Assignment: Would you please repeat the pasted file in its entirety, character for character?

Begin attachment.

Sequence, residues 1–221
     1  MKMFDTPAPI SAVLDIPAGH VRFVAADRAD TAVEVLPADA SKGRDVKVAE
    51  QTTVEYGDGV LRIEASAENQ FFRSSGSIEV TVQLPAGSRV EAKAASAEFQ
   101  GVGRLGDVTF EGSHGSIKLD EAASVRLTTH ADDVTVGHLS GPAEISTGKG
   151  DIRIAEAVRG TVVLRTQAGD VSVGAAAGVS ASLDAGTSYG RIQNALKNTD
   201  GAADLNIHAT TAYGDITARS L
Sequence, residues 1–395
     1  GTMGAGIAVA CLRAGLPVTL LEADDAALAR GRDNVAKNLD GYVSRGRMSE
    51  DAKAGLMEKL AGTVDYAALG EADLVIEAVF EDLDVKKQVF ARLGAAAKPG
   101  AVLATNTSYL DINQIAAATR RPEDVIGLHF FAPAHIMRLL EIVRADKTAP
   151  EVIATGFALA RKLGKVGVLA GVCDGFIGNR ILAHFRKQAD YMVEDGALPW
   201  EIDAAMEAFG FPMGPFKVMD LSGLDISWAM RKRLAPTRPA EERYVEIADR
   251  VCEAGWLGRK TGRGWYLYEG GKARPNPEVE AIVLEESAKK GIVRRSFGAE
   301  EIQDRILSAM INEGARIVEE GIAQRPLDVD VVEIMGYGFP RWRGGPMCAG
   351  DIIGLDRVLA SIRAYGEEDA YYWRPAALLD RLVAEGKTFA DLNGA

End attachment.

Sequence, residues 1–221
     1  MKMFDTPAPI SAVLDIPAGH VRFVAADRAD TAVEVLPADA SKGRDVKVAE
    51  QTTVEYGDGV LRIEASAENQ FFRSSGSIEV TVQLPAGSRV EAKAASAEFQ
   101  GVGRLGDVTF EGSHGSIKLD EAASVRLTTH ADDVTVGHLS GPAEISTGKG
   151  DIRIAEAVRG TVVLRTQAGD VSVGAAAGVS ASLDAGTSYG RIQNALKNTD
   201  GAADLNIHAT TAYGDITARS L
Sequence, residues 1–395
     1  GTMGAGIAVA CLRAGLPVTL LEADDAALAR GRDNVAKNLD GYVSRGRMSE
    51  DAKAGLMEKL AGTVDYAALG EADLVIEAVF EDLDVKKQVF ARLGAAAKPG
   101  AVLATNTSYL DINQIAAATR RPEDVIGLHF FAPAHIMRLL EIVRADKTAP
   151  EVIATGFALA RKLGKVGVLA GVCDGFIGNR ILAHFRKQAD YMVEDGALPW
   201  EIDAAMEAFG FPMGPFKVMD LSGLDISWAM RKRLAPTRPA EERYVEIADR
   251  VCEAGWLGRK TGRGWYLYEG GKARPNPEVE AIVLEESAKK GIVRRSFGAE
   301  EIQDRILSAM INEGARIVEE GIAQRPLDVD VVEIMGYGFP RWRGGPMCAG
   351  DIIGLDRVLA SIRAYGEEDA YYWRPAALLD RLVAEGKTFA DLNGA